Look At This Photograph
Although my title indicates a possible reference to a Nickelback song, this post is about much more than music. It’s about the power of photos.
Photos are keepsakes. My sister has more than 100 scrapbooks of photos in her house, chronicling her life, her children’s lives – and every person she has ever come into contact with. My photos, while valuable to me, sit in a big box in my basement, patiently waiting for my organized sister to take on the project.
Photos tell a story. Photos bring back memories. Photos encourage us to reflect and think critically about life. Reflection and critical thinking are at the core of my English Composition class this semester, which is why the first assignment of the semester asks my students to choose a photograph and write a brief narrative story either detailing what is happening in the photo, a memory that it stirs, or a reflection triggered from the photo.
I’m one of “those” teachers that strongly believes that if I’m going to ask my students do something, I should, too. So, my visual reflection assignment follows:
There are times in life when the world seems to be spinning out of control, times when it feels like there are not enough hours in the day, and times when a sense of loneliness is overwhelming – so much to do, so little time, and barely any energy to want to do anything. Then, in an instant, it seems that helping hands, words of encouragement, and even a simple gaze of acknowledgement comes out of nowhere and the inspiration and motivation to move forward is overflowing and encouraged.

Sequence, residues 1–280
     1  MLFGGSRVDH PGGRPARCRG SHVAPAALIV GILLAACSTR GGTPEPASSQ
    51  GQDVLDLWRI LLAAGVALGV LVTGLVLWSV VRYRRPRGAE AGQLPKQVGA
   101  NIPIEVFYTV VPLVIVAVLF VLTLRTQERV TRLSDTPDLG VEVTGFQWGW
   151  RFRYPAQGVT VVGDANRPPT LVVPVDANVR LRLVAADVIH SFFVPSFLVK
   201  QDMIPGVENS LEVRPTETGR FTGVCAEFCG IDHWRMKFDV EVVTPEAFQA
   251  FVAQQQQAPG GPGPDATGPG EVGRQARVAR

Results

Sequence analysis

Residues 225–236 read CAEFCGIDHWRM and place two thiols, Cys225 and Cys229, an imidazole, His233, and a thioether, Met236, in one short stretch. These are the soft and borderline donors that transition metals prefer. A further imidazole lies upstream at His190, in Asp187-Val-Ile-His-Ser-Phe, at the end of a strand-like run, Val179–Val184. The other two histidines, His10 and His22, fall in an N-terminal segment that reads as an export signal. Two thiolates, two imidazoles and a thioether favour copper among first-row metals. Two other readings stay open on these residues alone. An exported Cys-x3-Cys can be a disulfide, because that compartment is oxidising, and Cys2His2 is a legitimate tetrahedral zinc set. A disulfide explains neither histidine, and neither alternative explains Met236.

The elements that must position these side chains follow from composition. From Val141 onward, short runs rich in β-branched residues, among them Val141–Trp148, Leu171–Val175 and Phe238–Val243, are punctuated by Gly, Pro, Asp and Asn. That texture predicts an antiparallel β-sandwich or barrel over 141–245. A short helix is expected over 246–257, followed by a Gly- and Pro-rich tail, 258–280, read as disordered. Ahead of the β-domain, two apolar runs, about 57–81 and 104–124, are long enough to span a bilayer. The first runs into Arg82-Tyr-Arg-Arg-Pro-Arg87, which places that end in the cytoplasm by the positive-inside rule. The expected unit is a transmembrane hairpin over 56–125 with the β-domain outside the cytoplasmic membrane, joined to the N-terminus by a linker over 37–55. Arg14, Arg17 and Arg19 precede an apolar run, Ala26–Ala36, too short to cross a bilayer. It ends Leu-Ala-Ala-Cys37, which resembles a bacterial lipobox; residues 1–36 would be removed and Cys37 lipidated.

As a returning, nontraditional student, single mom, and full-time reporter, I felt the weight of the world when I decided to return to college. I wanted to succeed and provide a better life for my children, I wanted to pursue a teaching career, follow my dreams, and maintain sanity at the same time. But, it felt like a powerful force kept getting in the way – bills, stress, lack of sleep, tough assignments, and the daily routine of dance lessons, soccer practice, and school activities. I felt torn and pulled in a thousand different directions.
I kept trudging along. I kept looking into my kids’ eyes and found the motivation, the desire to be someone they would be proud of in years to come. As hard as it was, I asked my family for help. My mom would bring over groceries when I least expected it and needed them the most. My sisters would pop in to occupy my kids and read my papers when I needed a second opinion. My aunts and uncles would offer encouragement and words of wisdom.
The day I graduated with my Masters’ degree was when the world seemed to stop. The frenzy of the months and years of school seemed to stand still and I was able to take in the peaceful calm of an accomplishment. I don’t remember the thrill of walking up on stage, tossing my cap in the air, or even the commencement speech.
What I remember is the crowd of friends and family waiting for me after the ceremony. More than anything, I remember the look on my daughter’s face when she saw me in my cap and gown – she was proud of me, she looked up to me, and most of all, her gaze showed me that the reward was worth the wait. The world never crashed or stopped spinning, but it did wait for me to catch up.
– Shannon Philpott
Blog Entry: Aug. 29, 2009
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